Ocean Animal Facts
Ocean covers around 70% of the Earth’s surface and is home to many species of plants and animals, some of which are still not known to humans. Here are some interesting facts about a few of the incredible creatures that reside in the ocean.
1. Shrimp’s heart is in its head
Shrimp’s heart is located at the base of it’s head. This is primarily to keep it safe because the head part is covered with thick protective substances, thus keeping important organs like brain and heart safe. Shrimps have an open circulatory system which means that they do not have blood vessels and blood flows freely through cavities.
2. Great White Sharks are the largest predatory fish
On average Great White Sharks are 4.6m long. However, some have been measured at 6m as well!
They are fast swimmers and can swim at over 60kmph. They have 300 triangular teeth arranged in upto 7 rows making them very dangerous predators. They have a strong sense of smell and can detect a colony of sea lions from a distance of 2 miles!
3. Some octopus have blue blood
That’s right! Some octopus have blue blood running through their veins instead of red. The blue colour comes from a copper-rich protein called hemocyanin which carries oxygen to all parts of the body (similar to the function of haemoglobin in human body).
Did You Know that some octopuses can change colour to camouflage themselves, turning blue, gray, pink, brown or green?
4. Squid’s eyes are the largest
Researchers believe the collosal squid’s eyes are the largest of any living creature, measuring over 27 centimetres in diameter – the size of a football!
5. Blue whale is the largest animal
The blue whale is the largest animal that ever lived and can grow to 90 or more feet and weigh as much as 24 elephants! That’s more than 330,000 pounds (150,000 kg).
Did You Know that male humpback whales found in U.S. waters sing complex songs in winter breeding areas in waters near Hawaii?
6. Octopus has 3 hearts
An octopus has three hearts. One pumps blood through its organs; the two others pump blood through its gills, according to the World Animal Foundation. Their body is soft without any skeleton which enables it to squeeze through very small cracks and crevices.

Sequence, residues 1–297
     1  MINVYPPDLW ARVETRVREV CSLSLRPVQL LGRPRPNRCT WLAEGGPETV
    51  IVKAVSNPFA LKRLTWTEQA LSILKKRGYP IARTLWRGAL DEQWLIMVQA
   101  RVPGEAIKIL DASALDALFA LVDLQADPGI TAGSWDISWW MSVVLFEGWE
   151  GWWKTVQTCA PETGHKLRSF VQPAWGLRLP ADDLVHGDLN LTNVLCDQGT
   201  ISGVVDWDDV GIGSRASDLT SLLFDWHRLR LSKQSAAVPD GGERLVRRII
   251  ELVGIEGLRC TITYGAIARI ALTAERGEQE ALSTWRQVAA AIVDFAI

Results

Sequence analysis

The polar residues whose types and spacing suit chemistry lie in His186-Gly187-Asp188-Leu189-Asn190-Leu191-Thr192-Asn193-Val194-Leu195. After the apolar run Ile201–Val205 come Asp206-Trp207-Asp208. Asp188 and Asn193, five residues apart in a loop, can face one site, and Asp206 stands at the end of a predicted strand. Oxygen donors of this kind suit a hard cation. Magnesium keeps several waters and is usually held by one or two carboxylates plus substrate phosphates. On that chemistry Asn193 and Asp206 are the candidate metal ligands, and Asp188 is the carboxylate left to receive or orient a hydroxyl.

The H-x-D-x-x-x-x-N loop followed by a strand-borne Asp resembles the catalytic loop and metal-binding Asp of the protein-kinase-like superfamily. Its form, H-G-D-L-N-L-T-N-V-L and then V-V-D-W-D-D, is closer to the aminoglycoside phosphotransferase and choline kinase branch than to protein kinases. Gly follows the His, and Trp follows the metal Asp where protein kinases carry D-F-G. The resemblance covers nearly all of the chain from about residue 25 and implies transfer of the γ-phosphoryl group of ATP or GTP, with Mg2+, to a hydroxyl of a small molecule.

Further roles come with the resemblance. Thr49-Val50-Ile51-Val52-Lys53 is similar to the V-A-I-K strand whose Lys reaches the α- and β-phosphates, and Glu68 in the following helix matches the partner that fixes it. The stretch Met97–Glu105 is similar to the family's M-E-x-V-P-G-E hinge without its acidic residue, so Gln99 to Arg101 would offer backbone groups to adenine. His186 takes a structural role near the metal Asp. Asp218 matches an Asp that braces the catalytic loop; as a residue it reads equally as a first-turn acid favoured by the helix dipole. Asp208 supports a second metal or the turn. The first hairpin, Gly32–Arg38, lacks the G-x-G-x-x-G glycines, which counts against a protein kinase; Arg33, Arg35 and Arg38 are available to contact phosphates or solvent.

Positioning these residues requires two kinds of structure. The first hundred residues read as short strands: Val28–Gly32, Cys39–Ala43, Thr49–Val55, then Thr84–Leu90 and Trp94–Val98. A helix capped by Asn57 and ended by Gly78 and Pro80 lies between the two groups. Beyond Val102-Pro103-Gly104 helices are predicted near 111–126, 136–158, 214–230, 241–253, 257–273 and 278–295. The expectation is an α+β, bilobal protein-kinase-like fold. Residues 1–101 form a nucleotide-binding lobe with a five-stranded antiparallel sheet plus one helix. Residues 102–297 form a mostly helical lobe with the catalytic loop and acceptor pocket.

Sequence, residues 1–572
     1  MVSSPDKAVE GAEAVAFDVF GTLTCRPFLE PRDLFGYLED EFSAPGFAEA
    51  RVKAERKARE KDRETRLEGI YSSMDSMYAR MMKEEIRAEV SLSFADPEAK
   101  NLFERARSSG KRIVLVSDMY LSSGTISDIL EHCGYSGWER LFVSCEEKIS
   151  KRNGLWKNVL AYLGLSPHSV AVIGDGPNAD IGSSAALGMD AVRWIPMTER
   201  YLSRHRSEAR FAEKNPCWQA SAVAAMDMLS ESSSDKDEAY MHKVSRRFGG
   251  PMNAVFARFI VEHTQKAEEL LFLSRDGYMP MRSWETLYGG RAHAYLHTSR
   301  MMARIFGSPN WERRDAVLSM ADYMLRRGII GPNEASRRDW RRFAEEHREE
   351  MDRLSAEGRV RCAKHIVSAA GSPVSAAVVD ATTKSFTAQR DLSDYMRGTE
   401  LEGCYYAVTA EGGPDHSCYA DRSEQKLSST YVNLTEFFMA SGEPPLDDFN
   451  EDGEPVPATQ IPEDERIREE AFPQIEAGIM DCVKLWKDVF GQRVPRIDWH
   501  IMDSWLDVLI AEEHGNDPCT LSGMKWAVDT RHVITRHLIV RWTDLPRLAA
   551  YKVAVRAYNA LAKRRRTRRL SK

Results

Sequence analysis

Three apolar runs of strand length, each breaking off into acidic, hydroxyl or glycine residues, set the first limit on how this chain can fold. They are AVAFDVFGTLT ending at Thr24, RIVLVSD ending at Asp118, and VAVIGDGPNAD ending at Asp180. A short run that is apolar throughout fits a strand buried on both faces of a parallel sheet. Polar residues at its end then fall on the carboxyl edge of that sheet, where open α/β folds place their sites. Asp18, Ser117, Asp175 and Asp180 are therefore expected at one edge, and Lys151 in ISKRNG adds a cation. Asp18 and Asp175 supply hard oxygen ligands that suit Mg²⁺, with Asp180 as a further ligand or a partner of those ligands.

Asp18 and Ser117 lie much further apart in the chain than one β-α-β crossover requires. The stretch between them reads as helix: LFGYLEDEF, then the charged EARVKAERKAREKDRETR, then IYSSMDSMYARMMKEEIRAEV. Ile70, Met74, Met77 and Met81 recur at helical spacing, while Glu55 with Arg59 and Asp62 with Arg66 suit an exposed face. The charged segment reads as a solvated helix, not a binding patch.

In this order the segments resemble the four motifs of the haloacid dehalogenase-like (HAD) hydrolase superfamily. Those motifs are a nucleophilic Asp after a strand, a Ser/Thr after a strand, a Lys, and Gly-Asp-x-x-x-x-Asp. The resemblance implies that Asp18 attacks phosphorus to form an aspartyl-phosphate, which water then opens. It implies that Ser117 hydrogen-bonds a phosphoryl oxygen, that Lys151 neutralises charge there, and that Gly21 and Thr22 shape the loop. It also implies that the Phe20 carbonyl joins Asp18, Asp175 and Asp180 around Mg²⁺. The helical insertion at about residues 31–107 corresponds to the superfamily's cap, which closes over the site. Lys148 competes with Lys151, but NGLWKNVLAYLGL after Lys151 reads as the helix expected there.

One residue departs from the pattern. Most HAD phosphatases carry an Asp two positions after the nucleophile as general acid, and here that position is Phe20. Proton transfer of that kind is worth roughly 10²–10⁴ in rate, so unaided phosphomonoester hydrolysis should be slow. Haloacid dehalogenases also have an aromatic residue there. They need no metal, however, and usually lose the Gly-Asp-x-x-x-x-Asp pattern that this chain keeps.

Did You Know that the mimic octopus can flex its body to resemble more dangerous animals, such as eels and lionfish?
7. Bowhead whales have a long life
Bowhead whales are the longest-lived mammals. They are a type of baleen whales that live in the Arctic and can live upto 200 years. The killer whales can live upto 100 years.
8. Corals are animals
Though they look like plants, corals are in reality animals, being most closely related to jellyfish and anemones. Coral reefs are home to almost 25% of the marine species. They are the largest structures on Earth of biological origin. Coral reef systems are naturally colourful because of the algae that is usually present
Australia’s Great Barrier Reef is the largest reef system in the world, and can be seen from outer space
9. Electric Eels can produce electricity to light up 10-12 bulbs
Producing electricity is a defence mechanism for electric eels. Electricity-producing organ takes 80% of their body. Since eels have poor eyesight, they generate low-level electric charge (up to 10 volts) that helps them see their surrounding and locate a prey.
10. Jellyfish do not have brain or heart
Yes, you read correctly. Jellyfish do not have a brain and neither do they have a heart! Instead of a brain, they have a basic nervous system – a nerve net – which helps them sense environment changes and respond accordingly. They don’t need a heart for providing oxygen throughout their body. Their gelatinous body can do it through diffusion.
Did You Know that Jellyfish predate the dinosaurs by hundreds of millions of years